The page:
Writer Gwen Adams sculpts with words

During a recent rehearsal, philosopher-biker Switchblade (Jerry Vogt) protests Lori’s (Leslie Engelhard) claim that he was married four times. - Photo courtesy of Gwen Adams
During a recent rehearsal, philosopher-biker Switchblade (Jerry Vogt) protests Lori’s (Leslie Engelhard) claim that he was married four times.
— image credit: Photo courtesy of Gwen Adams


For theater writer and director Gwen Adams, they mean everything.

She said it is very hard to sit down at a note pad or computer keyboard and sketch a real person an actor can embody using only adjectives.

“One thing I do is ask myself questions about the character,” Adams says, to get an idea of what kind of person to create.

“What’s their name? Why are they here? What are they about?” she asks.

It is hard to make a script that can stand on its own once it leaves her hands, but Adams can cheat. She’s a director too.

She can advise the actors how to live out the lines she gives them.

Her first completely original performance, “Empty Orchestra: Life Lessons in a Karaoke Bar,” will be performed at the 25th annual Bremerton Bash Saturday July 13.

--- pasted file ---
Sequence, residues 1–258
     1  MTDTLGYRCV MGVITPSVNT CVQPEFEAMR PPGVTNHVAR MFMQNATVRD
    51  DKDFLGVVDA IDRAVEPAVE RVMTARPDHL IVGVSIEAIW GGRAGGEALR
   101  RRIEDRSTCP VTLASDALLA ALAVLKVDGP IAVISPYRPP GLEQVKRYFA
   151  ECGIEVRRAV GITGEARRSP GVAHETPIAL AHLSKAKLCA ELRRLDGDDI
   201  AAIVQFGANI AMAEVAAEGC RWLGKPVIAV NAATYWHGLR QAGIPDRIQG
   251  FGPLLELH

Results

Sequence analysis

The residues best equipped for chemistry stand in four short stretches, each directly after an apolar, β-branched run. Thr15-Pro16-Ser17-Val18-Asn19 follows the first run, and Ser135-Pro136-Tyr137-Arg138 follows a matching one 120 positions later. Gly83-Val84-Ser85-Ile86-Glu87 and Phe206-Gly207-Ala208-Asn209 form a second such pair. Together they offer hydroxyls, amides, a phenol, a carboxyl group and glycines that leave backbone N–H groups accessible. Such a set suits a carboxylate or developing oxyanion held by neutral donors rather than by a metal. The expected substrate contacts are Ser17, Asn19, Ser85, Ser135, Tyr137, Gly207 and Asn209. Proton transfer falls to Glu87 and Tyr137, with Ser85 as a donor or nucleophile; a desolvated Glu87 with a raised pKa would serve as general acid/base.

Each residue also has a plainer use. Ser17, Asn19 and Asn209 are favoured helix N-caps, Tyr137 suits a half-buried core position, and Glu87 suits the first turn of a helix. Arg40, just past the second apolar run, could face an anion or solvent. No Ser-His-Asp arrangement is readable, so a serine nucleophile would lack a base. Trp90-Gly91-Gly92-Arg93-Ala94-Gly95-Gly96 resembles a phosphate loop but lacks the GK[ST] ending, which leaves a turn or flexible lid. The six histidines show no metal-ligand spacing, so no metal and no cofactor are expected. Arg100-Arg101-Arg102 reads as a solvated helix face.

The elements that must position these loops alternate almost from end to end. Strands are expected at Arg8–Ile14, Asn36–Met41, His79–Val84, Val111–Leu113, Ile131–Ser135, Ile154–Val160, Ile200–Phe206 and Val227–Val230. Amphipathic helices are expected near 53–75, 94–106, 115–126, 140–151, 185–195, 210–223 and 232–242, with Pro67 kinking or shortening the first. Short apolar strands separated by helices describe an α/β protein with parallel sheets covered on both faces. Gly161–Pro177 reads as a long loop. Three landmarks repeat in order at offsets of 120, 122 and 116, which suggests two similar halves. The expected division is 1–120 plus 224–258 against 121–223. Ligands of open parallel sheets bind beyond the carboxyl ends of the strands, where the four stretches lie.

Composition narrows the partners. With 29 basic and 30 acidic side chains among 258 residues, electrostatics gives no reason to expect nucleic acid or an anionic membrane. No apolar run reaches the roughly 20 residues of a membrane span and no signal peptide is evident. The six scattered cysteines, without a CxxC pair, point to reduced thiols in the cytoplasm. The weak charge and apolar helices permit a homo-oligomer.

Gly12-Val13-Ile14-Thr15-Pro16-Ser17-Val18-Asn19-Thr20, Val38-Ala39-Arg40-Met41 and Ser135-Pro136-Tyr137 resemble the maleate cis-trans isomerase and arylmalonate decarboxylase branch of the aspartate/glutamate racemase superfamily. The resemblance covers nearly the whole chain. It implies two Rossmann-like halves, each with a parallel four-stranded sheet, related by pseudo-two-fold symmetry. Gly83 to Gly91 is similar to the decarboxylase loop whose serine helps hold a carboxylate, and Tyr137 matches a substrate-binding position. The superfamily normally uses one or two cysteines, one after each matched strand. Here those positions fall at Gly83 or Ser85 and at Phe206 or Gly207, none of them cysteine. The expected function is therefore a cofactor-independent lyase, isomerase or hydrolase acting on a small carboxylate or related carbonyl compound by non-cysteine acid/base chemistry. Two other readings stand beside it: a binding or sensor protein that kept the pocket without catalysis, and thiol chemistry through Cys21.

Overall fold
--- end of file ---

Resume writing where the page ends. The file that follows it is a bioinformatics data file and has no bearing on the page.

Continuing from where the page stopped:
For “Empty Orchestra,” Adams nearly did it all. She wrote and edited dialogue, selected the actors, located practice space and directed the movement.

She pulled actors from the Bremerton Community Theater and the Kingston Roving Players theater group. One of her actors is a musician in a local band as well.

Her team has been working together rehearsing the scenes for four or five weeks, Adams said.

“I really think the characters are the strongest part” of the play, Adams said.

Conveying characters through a script requires flexibility on her part too, Adams says. She realizes when actors read her words, they interpret them based on their own experience.

“You have to give the actors the space to interpret. You have to give them the framework and let them color it in.”

The most difficult aspect is getting actors to embody the material, she says, but there’s a point where she simply lets go.

“Once they go on the stage, it’s no longer mine. It’s all up to the actors. The energy changes as soon as it gets out of my hands.”

Adams’ most recent play follows a character coping with the superficiality of the world around her. Eventually, she realizes she is the one acting superficial and other people are actually genuine.

“Expect to learn something,” Adams says.

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